My name is Tony Santos and I am a wholesaler/flipper from Massachusetts. My partner and I currently started our business in October. We already have a wholesale deal and flip under our belts. We both just passed the real estate salesperson exam and my question is what are the pros and cons of working under a broker. A friendly disagreement occurred where we both should focus on growing our business and spend our limited time throughout the day on the business solely while one of our wives (also an agent) lists and sells the property for us while the commissions go right into our business account. Another thinks it's a good idea to work under a brokerage because of networking and finding deals through the MLS. BP is full of successful investors and I would love to get some opinions on here.
A. We both have full time jobs so we should focus our limited time on our business.
B. Working under a broker (as an independent contractor) is not that time consuming and the pros over-weight the cons.
If your wife is an agent she can send you every deal that comes across MLS. Realistically though, you aren't going to find your deals through MLS. If it's already there, it's likely been vetted by an agent that could have made a deal on his own before listing it. That's not to say there aren't deals on MLS but they are rare. I'm talking about wholesaling mainly and also flipping. The RE license is great (I have mine) but I don't really wholesale and I think there is the potential for you as a RE agent to create a conflict of interest as well as an ethics violation to make a deal with a seller to put their property under agreement for a lesser value than you can sell it for a profit. You will have to justify to him why as a licensed professional you are advising him that he should sell it for the lesser value. You must disclose you are licensed when you meet the homeowner for the first time. They may not care that you are giving them a quick deal and flipping it for more money but it wouldn't sit well with me if I was the Seller. Your wife acting as your agent separates you from the process. Maybe I'm way off but that's my thought. Maybe @Brian Ortins can chime in. He's an investor and a licensed agent here in MA. We just worked on a deal together.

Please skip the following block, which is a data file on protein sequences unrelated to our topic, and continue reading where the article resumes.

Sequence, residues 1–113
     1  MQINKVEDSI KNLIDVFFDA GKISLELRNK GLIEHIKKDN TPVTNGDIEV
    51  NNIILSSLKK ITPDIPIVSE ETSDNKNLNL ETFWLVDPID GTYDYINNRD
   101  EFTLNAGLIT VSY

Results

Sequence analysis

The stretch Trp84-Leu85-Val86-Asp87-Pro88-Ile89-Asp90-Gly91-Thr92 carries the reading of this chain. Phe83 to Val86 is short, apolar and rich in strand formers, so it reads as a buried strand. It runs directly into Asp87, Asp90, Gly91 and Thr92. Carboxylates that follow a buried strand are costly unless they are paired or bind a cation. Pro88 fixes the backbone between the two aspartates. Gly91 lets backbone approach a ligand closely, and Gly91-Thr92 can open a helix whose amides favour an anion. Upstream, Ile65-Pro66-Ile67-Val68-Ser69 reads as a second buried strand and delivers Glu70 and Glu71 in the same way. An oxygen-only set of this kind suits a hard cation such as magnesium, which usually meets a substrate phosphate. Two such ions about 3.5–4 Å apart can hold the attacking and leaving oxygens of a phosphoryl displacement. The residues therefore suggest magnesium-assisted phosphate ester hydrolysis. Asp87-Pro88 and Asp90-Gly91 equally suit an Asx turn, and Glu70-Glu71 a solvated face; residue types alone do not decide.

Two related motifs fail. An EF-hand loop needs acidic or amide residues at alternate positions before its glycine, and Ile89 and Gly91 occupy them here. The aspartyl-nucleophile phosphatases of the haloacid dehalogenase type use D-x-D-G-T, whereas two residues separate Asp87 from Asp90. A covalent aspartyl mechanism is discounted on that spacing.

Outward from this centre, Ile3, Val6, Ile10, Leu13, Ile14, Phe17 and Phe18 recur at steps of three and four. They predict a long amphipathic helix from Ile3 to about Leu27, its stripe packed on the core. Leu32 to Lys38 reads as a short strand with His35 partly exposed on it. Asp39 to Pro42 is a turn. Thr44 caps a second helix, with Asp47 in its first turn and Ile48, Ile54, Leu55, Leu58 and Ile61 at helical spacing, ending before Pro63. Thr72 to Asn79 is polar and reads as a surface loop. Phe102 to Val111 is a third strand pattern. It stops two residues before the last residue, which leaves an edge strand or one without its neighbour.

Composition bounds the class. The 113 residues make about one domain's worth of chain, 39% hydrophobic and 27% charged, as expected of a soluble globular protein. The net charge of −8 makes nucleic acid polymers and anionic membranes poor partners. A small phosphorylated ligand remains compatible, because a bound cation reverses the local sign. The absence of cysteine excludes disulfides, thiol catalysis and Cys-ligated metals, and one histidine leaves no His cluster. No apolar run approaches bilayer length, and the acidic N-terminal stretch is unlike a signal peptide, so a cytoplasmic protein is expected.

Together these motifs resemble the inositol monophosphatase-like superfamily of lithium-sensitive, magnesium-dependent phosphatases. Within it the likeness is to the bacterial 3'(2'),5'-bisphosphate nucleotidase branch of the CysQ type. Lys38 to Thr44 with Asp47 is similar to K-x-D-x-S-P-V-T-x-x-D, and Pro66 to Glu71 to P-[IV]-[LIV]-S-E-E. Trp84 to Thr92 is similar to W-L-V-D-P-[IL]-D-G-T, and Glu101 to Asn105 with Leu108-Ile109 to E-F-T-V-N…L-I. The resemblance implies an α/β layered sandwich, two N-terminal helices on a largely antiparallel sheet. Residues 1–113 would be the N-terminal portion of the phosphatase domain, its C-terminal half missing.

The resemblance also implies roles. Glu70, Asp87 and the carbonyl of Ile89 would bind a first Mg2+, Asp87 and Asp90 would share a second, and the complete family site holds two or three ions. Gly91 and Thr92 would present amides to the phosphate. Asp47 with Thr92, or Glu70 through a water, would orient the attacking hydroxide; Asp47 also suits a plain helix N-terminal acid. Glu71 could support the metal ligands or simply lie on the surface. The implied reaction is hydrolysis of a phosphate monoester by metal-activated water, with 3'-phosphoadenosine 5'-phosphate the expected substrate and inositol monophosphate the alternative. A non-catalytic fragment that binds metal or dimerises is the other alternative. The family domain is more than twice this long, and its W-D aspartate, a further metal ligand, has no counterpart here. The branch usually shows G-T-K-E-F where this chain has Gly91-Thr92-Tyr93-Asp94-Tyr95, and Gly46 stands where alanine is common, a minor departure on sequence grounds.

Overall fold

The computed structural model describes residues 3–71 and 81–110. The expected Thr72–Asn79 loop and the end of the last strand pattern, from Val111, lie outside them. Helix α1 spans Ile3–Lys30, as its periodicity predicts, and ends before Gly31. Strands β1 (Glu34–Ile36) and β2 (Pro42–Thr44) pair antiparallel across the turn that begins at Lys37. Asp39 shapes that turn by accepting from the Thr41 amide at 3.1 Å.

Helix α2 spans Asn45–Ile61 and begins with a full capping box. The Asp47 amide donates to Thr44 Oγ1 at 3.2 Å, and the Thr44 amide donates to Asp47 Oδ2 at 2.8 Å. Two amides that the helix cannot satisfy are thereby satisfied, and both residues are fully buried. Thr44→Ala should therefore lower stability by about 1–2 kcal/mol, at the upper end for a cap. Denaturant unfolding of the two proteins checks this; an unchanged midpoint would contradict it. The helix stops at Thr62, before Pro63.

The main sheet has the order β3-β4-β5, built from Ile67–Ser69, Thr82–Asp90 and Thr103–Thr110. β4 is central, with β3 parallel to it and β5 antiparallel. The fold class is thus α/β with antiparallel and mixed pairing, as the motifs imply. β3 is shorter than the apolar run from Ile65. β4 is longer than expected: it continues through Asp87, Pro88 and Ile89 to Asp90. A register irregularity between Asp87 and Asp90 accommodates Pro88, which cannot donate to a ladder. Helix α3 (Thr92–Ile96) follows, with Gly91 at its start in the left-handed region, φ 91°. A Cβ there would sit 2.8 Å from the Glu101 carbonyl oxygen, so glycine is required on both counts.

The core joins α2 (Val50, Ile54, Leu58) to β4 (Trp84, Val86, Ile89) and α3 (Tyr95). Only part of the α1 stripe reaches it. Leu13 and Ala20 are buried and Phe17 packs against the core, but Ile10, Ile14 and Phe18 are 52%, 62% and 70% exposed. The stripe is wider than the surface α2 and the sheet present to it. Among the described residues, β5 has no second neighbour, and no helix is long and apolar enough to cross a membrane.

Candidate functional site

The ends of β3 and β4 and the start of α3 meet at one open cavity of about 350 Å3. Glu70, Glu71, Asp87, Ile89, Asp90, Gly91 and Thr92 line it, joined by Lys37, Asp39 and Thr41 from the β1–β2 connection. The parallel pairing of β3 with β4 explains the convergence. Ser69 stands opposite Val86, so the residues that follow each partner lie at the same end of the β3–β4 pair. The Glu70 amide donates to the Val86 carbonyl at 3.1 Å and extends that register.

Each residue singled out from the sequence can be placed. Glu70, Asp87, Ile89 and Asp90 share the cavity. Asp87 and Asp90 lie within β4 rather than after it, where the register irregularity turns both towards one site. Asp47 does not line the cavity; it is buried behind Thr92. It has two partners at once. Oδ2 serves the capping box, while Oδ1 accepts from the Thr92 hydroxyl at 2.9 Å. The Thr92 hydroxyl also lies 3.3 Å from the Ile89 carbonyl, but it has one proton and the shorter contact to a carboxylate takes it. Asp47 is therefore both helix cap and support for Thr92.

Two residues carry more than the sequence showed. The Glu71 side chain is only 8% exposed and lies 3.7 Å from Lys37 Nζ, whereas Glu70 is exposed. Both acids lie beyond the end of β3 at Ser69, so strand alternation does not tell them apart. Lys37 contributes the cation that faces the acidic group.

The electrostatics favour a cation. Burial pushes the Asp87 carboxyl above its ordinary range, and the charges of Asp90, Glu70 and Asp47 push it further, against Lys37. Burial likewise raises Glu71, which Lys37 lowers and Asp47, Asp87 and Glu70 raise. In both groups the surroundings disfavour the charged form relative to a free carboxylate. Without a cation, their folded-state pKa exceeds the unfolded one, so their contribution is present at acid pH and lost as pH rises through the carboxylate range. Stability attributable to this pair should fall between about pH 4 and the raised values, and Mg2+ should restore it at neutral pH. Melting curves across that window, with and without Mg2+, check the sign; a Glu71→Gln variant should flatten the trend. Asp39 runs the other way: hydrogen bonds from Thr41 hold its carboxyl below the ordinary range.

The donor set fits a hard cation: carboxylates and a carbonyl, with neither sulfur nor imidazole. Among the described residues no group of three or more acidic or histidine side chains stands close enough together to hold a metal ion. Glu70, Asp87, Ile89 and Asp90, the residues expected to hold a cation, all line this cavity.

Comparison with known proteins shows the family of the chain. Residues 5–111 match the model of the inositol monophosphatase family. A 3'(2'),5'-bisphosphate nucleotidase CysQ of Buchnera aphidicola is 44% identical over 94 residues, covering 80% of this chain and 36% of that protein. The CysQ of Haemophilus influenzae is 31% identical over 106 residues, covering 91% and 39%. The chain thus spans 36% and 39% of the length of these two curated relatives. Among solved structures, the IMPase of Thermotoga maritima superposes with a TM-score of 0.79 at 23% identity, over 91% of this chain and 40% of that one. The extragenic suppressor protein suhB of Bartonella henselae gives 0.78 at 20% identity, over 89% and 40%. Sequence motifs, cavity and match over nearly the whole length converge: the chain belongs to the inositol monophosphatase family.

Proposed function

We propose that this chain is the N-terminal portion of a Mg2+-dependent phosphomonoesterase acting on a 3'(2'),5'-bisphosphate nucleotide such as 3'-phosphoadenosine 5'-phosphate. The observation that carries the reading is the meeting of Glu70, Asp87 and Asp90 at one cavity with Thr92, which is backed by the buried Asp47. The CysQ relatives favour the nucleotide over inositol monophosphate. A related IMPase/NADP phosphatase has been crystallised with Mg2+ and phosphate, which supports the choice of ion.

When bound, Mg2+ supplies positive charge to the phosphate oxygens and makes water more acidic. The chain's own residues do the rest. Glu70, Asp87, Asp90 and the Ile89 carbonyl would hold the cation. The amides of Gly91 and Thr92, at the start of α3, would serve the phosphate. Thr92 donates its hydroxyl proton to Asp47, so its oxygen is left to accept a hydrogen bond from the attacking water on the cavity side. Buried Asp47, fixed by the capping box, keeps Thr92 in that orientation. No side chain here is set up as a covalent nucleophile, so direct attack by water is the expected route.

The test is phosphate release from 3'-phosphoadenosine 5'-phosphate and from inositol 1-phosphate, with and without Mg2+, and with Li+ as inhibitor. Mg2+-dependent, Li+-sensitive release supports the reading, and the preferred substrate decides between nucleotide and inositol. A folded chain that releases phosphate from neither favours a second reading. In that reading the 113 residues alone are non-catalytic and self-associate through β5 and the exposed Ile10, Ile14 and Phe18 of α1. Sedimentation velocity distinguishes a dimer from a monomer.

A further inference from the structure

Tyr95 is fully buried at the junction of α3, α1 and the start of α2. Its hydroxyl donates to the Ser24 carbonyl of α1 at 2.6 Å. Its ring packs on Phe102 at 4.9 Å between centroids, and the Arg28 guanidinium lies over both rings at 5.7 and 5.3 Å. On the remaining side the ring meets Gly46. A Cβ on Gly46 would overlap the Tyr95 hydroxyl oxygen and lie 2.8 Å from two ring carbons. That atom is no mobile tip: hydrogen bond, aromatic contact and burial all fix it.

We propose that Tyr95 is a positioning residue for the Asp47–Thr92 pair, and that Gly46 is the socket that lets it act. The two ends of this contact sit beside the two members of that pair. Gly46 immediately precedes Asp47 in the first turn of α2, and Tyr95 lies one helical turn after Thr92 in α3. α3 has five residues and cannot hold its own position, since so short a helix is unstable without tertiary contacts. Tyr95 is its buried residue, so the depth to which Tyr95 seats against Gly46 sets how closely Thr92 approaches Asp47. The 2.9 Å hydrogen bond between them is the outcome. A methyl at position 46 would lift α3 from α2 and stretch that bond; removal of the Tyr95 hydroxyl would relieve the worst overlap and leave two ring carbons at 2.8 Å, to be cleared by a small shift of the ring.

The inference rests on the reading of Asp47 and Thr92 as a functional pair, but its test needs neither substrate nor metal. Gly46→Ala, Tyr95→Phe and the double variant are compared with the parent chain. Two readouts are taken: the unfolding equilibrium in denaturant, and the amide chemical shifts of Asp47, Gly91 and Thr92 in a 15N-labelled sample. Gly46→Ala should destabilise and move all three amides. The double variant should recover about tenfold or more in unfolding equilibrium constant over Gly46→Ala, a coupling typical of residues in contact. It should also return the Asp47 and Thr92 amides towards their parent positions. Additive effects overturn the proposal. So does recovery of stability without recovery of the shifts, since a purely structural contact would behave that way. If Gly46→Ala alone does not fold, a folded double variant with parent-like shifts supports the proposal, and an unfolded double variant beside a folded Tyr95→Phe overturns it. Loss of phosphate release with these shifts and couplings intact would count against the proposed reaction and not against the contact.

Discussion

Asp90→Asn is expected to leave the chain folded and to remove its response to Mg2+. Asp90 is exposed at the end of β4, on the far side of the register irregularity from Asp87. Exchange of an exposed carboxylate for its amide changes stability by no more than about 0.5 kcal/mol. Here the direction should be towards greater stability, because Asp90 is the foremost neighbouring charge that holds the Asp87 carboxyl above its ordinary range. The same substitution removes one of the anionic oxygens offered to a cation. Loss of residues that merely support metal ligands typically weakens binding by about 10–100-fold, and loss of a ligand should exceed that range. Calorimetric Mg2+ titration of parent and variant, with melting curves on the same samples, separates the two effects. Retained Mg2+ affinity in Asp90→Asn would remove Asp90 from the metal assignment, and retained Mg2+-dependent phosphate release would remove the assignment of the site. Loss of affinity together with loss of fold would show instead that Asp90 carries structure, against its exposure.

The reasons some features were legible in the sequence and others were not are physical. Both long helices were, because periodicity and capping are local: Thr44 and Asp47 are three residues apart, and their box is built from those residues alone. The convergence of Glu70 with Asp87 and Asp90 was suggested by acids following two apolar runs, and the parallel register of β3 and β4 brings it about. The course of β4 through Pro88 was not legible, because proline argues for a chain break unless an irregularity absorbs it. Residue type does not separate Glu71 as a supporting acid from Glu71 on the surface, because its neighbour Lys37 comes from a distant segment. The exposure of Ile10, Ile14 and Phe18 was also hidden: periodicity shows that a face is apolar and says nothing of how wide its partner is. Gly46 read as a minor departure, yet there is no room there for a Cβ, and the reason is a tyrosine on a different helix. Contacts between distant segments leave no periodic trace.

I agree with @Rob Beland that it is not ethical to be offering a lower price than the home can sell for on the open market. You have a great situation where you have an agent on your team where you directly benefit from the commissions generated on the buy side and save commissions on the sell side. I do not see a benefit or need to join a brokerage that may expect you to perform certain activities such as office hours and pay for desk/office fees. I joined an investor friendly brokerage and do benefit somewhat in terms of deal flow, but benefit mostly due to my construction background, as I get many rehabs via the firm. I would leverage your existing agent to scour the MLS for deals, and you can focus on off market deals as a NON AGENT.
I think if you hold a license and you're also going to be negotiating with private sellers to buy (not list) their property, it's important that you make it very clear to all parties in the transaction that you are acting as a principal in the transaction and that you are not working as a real estate broker representing anyone other than yourself in the transaction, even though you may hold a real estate license.
There's been quite a bit written on this topic here on BP, and there are definitely pros and cons to being licensed. Just operate on the up & up and be sure to disclose the fact that you're licensed.
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